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Typography’s lost place in architecture

Max Phillips
17/10/2022

Present Tense

Facade signage is one of a building’s most prominent and visible features. And yet it’s frequently the part executed with the least skill and care. If we want architecture that better communicates with the public realm in which it sits, type needs to be recognised as a small but integral element in the making of good buildings.

Hepworth Wakefield gallery, David Chipperfield Architects. Facade branding and custom typeface by A Practice For Everyday Life [1]

The making and use of letters was once a standard part of architectural education, and a number of architects have made significant contributions to typography in their own right.

If every building tells a story, the lettering on its facade is the opening sentence. It’s the street number that tells you you’ve arrived at the correct place, the badge of authority on a headquarters, the epigraph that announces the LIBRARY, HOSPITAL, or COURTHOUSE. Facade signage provides a semiotic main entrance for users and passers-by, and is one of a building’s most prominent and visible features. And yet it’s frequently the part executed with the least skill and care. Exiled to the limbo of provisional costs, epigraphs and facade signs are usually dashed off by juniors or cranked out in-house at signage fabricators and slapped onto the completed building like a sticker. Often a building’s designers have no say in how it’s signed. And often, it shows.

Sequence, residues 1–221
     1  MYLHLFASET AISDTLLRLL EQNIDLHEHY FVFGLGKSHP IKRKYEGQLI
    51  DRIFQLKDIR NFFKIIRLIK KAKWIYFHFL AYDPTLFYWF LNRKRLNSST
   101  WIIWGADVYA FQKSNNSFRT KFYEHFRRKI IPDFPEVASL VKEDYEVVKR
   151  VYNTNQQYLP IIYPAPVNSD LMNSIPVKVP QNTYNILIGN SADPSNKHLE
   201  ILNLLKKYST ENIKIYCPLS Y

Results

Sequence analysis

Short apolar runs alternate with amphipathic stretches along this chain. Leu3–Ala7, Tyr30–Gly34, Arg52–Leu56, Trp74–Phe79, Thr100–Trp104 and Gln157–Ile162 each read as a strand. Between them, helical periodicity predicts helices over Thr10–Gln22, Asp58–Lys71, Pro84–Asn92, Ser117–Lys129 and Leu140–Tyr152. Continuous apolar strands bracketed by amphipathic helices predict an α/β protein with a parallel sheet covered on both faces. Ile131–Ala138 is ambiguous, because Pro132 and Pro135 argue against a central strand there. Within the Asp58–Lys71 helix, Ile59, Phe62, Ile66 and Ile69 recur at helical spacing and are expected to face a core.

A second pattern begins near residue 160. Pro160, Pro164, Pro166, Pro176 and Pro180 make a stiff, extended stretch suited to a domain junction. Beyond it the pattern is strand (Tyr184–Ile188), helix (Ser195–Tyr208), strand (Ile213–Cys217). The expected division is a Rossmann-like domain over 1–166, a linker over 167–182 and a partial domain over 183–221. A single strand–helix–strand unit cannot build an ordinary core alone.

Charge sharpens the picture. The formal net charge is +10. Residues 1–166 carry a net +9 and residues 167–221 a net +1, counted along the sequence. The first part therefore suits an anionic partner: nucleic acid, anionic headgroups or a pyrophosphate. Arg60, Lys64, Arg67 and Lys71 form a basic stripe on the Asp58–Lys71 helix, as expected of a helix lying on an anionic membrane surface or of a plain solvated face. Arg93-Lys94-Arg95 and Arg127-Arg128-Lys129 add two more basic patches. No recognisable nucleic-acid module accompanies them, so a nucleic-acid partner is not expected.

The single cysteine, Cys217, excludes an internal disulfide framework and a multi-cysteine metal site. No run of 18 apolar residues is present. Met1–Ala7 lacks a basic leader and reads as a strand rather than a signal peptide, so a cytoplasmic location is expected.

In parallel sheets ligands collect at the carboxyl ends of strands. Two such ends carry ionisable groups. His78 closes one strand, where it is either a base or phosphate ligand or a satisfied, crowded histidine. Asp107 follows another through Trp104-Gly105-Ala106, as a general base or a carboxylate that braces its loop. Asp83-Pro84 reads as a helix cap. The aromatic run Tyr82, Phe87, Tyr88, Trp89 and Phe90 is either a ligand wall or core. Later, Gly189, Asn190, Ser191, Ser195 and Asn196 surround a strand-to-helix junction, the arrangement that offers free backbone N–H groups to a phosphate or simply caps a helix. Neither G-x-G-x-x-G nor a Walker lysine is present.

Left: Saint Peter’s Basilica, Donato Bramante et al., architects. Right: Guggenheim Museum, Frank Lloyd Wright, architect [2]


It wasn’t always this way. The making and use of letters was once a standard part of architectural education, and a number of architects have made significant contributions to typography in their own right. Bertram Goodhue’s Cheltenham was one of the most popular typefaces of the early twentieth century. Peter Behrens treated architecture, industrial design, and graphic design as strands of a single gesamtkunstwerk, and the Behrensschrift he used for AEG is widely considered the first branding font. Frank Lloyd Wright, Arne Jacobsen, and Charles Rennie Mackintosh all developed distinctive letterforms that could operate as harmonious components of their work. And the iconic stacked facade letters of the Dessau Bauhaus were created by Gropius’s fellow architect Herbert Bayer.